Many police departments today train their officers in the technique of “shooting on the move”.  It usually involves walking forward / laterally / to the rear while engaging stationary targets with their weapons.  This training can be spruced up with multiple targets, no-threat targets, reloads on the move and so forth.  It is an important skill that officers should continue to train on.  “Shooting on the move” can have a place in any engagement.  It is something we teach under stress to our clients, normally the last thing you want to do is stay in one place during an engagement.  But I repeatedly see the technique being applied incorrectly at the range and during LE operations.  What is rarely taught, but should be, is the concept of “Moving to shoot.”  For those of you with a military background, you know this is as “Maneuver.”  
The term “maneuver” is often used to describe movement by the friendly force to gain an advantageous position relative to the enemy. Approaching a target, such as a school or office building in an active shooter type situation, requires maneuver and NOT simply walking or running toward the threat with your weapon up.  You probably aren’t going to hit shit anyway.  I took a screenshot of these officers moving during the December 2, 2015 active shooter situation in San Bernardino, CA:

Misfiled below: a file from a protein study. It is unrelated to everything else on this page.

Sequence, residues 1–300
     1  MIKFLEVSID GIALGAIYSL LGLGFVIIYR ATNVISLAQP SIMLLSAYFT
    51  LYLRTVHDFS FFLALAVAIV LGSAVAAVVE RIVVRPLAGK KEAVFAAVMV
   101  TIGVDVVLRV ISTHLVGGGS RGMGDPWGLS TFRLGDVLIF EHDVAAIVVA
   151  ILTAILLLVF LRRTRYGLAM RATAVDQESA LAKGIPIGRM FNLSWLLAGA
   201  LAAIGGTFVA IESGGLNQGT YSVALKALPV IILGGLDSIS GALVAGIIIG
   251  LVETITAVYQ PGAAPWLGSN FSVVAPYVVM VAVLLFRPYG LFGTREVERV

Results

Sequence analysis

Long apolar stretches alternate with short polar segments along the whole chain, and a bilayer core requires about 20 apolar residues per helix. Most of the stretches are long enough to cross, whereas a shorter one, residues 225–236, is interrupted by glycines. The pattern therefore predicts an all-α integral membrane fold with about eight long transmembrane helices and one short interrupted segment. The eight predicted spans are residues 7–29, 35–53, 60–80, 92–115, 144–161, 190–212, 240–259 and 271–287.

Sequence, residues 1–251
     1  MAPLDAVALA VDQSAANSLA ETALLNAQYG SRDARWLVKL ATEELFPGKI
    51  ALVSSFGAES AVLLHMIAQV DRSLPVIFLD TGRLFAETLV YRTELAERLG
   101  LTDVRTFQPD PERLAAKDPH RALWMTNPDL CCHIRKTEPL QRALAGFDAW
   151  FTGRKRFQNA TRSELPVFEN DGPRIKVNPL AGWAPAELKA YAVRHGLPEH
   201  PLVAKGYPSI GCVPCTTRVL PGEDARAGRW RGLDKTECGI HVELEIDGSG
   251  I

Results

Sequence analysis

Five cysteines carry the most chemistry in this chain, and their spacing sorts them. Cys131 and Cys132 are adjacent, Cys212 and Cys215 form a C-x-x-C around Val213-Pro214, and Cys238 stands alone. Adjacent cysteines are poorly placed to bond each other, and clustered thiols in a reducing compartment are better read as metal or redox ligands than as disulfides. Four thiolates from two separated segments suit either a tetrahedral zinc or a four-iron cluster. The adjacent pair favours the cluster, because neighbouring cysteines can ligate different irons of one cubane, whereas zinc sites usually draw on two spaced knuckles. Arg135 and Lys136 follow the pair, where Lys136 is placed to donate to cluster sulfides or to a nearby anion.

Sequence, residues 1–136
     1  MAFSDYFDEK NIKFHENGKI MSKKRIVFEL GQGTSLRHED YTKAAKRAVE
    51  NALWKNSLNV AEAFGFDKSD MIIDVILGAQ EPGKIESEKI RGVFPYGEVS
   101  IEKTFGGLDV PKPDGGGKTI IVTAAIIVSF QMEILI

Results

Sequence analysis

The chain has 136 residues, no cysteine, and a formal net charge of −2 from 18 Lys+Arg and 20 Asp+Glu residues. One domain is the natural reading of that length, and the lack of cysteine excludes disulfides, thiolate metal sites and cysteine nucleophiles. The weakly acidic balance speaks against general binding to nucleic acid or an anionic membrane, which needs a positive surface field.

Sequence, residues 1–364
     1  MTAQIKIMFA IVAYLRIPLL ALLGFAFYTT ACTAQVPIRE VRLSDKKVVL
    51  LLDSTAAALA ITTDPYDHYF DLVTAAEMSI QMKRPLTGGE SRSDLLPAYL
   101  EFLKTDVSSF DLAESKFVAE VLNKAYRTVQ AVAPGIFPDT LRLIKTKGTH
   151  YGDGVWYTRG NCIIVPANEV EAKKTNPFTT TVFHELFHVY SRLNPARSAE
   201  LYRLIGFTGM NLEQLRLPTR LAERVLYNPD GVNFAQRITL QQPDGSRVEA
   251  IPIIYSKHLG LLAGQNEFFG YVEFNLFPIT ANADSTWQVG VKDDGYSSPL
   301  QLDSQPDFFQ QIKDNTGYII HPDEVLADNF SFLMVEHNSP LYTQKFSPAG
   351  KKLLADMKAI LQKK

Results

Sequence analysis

I showed this picture to a LAPD friend who is in his 22nd year on the job.  I asked him what was wrong with the picture, and he concluded nothing was wrong, and that was how they are all trained.  Now the picture is limited, we don’t know exactly how far away their target is, or where exactly they are headed.  But we can safely infer that their target is at least 30 yards away based on that picture, and that they are moving from one position to another with their target at approximately their 9 o’clock (using 12 o’clock to identify direction of travel).  Based on what’s in the picture there are two conclusions that can be logically reached: First, is that they are moving along the road clearing the line of cars.  If that’s the case, they are too far from some of those cars to effectively clear them.  So it is unlikely that was the objective; Police are scrupulous about clearing cars.  Second, is that the building possibly containing an active shooter is to their left, and they are attempting to move to establish a perimeter and/or get eyes on a side of the building needing coverage.